HORNINGFor years, conversation about the changing ways we take in information has been characterized by polemics and a general sense of doom: Is Google making us stupid? Is Facebook making us narcissists? We keep trying to pinpoint what, exactly, is changing, because something surely is. But rather than strategize about how to wage war on distraction, or rebuild dissolved attention spans, Full Stop has decided to jump out of our poorly constructed lifeboat and wallow in the vast and undulating sea of information. With this questionnaire, we would like to explore, yes, how the internet is changing the ways in which we create, curate, and consume information (be it in the form of fiction, non-fiction, or criticism) but with an eye open for the pockets of potential in such changes.

Rob Horning is the Executive Editor of The New Inquiry, and writes the blog Marginal Utility.

Where does the most interesting (innovative in form and content) writing find its home right now?

I don’t read enough contemporary writing to answer this question. I am persuaded by Brian Droitcour that what he calls “vernacular criticism” is worth pursuing, taking up entry-level positions for public writing (letters to the editor, online user-review fields, etc.) to work outside ersatz institutional authority. It also seems that Tumblr collectives are developing ways to bring writing closer to gesturality, as Brian argues here. But I don’t read much of that work because it makes me feel like an intruder. This seems like a good thing, though, that “belonging” is not a disavowed subtext of the writing but an explicit aim. I’m generally far too comfortable claiming an entitlement to interpret what I read.

Today, we’re flooded with stories via the internet — on personal Tumblrs, Facebook and Twitter statuses, the abundance of magazines and newspapers that make their content free online. With so many narratives all around us, why do we still read (and pay for) novels?

I’m not sure who “we” is: Novels don’t seem to sell all that well, particularly relative to genuinely popular forms of entertainment, like video games. (N.B. Most of the fiction I read consists of Trollope novels, which I get from Project Gutenberg.) Novels tend to be celebrated lately as a “digital detox” space where one can disconnect and be immersed in an un-networked imaginary. Novel reading is a pretty anti-social behavior, at least for me, so I am always puzzled at attempts to make that sort of reading “more social.” I want vicarious immersion in a novel; I don’t wan’t to continue the sort of emotional performativity social media require.

What do you think is good about the way we interact with information today? How has your internet consumption changed your brain, and writing, for the better?

I can only speak for myself, but I find that the Internet has made me far more productive than I was before as a reader and a writer. It seems to offer an alternative to academic protocols for making “knowledge.” But I was never very systematic before about my “research” and am even less so now; only now this doesn’t seem like such a draw back. Working in fragments and unfolding ideas over time in fragments seems a more viable way of proceeding. I’ve grown incapable of researching as preparation for some writing project — I post everything, write immediately as a way to digest what I am reading, make spontaneous arguments and connections from what is at hand. Then if I feel encouraged, I go back and try to synthesize some of this material later. That seems a very Internet-inspired approach.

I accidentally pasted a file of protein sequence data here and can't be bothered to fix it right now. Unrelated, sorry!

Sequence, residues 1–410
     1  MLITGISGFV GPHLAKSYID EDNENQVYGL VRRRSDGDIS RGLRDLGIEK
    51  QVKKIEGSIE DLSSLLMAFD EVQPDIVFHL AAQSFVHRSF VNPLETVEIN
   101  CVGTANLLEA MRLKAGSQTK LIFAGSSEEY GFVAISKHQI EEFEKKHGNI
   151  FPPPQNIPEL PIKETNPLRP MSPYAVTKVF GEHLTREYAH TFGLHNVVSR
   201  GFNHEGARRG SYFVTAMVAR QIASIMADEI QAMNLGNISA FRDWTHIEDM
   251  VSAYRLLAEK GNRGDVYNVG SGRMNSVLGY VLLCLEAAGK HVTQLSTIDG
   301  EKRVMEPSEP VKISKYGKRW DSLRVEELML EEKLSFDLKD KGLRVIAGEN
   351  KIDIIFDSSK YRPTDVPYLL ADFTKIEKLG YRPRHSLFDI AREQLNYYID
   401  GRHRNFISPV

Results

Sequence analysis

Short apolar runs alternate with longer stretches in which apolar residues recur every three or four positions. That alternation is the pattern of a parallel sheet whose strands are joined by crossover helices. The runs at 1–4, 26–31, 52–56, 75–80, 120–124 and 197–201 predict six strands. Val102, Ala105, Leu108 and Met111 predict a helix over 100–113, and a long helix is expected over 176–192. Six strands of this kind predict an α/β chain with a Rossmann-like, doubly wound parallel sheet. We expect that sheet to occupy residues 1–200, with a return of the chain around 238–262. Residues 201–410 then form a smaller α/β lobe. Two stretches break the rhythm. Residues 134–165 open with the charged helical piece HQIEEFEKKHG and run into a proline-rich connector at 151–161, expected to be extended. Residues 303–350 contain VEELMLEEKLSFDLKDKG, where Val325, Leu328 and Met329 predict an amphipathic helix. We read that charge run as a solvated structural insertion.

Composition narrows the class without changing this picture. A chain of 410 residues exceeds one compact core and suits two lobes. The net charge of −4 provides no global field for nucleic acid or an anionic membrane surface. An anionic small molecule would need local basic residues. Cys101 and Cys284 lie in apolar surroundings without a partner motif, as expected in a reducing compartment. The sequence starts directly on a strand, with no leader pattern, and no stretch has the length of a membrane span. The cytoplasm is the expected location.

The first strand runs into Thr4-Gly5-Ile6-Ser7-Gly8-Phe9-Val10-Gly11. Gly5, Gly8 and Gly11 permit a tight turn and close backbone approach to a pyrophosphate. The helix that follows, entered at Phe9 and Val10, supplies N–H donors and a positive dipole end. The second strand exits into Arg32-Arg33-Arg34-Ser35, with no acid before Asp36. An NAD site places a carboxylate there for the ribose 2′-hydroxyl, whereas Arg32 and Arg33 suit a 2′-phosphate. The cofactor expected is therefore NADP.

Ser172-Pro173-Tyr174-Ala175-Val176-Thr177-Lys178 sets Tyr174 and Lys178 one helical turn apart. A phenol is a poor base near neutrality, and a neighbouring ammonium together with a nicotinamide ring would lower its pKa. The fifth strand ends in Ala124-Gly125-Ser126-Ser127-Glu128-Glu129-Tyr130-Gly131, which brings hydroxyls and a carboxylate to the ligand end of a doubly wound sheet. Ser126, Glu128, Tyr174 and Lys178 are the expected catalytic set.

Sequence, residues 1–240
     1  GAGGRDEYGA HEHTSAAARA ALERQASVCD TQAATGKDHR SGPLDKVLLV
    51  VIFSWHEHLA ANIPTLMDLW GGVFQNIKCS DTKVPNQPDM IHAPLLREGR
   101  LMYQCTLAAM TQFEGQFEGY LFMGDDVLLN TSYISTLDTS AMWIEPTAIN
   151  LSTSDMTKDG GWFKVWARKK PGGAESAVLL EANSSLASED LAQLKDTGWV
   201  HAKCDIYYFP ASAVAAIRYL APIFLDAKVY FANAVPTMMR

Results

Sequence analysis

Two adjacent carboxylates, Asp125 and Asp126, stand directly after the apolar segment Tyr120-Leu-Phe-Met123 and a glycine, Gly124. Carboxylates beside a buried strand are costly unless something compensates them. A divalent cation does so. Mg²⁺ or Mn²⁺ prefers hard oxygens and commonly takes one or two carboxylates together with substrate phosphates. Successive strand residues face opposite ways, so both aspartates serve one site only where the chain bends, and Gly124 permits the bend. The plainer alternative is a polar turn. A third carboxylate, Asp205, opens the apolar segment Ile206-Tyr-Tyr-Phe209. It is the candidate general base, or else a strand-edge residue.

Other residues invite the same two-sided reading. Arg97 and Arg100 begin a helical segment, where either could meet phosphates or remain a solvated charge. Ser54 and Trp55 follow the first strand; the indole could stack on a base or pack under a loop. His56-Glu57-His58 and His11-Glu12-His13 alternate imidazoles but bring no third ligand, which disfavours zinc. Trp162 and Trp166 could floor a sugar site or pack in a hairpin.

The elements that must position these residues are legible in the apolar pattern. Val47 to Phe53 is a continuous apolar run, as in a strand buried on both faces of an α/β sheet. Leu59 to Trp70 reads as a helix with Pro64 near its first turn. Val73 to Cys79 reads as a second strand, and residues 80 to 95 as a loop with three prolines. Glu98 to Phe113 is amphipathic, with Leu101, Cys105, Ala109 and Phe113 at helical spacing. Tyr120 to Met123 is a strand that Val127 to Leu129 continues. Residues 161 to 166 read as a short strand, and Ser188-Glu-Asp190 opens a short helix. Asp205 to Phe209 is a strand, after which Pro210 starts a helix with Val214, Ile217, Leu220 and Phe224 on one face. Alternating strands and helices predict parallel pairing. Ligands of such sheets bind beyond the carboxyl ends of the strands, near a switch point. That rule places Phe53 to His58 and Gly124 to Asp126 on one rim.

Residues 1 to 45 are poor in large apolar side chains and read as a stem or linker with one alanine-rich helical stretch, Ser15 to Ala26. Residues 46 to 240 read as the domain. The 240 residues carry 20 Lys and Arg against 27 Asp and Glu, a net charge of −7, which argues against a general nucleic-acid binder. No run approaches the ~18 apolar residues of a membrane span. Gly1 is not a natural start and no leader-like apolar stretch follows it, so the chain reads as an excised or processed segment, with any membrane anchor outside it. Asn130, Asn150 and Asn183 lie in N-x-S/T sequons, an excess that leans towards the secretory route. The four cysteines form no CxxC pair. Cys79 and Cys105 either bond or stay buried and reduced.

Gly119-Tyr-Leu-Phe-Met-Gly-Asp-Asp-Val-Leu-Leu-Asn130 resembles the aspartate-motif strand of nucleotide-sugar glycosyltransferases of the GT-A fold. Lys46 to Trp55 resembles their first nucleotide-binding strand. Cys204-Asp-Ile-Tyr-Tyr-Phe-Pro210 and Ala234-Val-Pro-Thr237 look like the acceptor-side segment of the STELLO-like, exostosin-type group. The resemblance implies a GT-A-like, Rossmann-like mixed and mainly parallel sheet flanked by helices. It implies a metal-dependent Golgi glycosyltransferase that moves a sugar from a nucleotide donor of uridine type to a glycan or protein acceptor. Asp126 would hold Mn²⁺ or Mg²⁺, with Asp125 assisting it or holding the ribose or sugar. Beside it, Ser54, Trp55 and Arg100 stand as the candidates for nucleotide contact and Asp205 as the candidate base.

How does writing online become significant?

If I think about that, it makes me want to quit writing.

Information online is both supremely malleable and under unprecedented scrutiny. How has the Internet changed non-fiction writing?

With all the quantitative data available for writing put on the internet, it is easier to write to the statistics, to accelerate the feedback loop generated by reader reactions. That can become a formal quality in itself, as in the genre of “viral” content. “Viral” has detached itself from ex-post data (“this post got 23 zillion hits so it was viral”) and has become something that can be identified from textual qualities (“that headline has been optimized for aspirational virality”). This also has the effect of valorizing “longform” material, intensifying its halo of intellectuality.

How is quality writing on the internet facilitated? How is the role of an online editor different than that of an editor for print?

Print editors usually have to cut pieces to fit, and the limited space spurs a lot of fretting about what should make it in an issue and what shouldn’t. Print sharpens the sense that there is a zero-sum competition among pieces of writing for a reader’s attention. Reading and publishing online negates that idea: space is not limited, and attention can be constructively fragmented to embrace many tabs at once. Print editors work with more rigid deadlines, which makes them more likely to work with reliable writers over mercurial ones, more likely to work with known quantities and friends than with unknowns and strangers. Freed from those constraints, it is easier for online editors to seek out contributions from people who don’t see themselves as professional writers, from people who are less overtly striving. You can try to steer away from “writering,” as Tom Scocca describes it in that “smarm” essay.

The internet makes possible new forms of collaboration and discussion. How has this changed the concept of authorship online?

It seems easier to collaborate but harder to dissolve one’s individual identity into a collective. One tends to be disaggregated by the way the platforms work.


 

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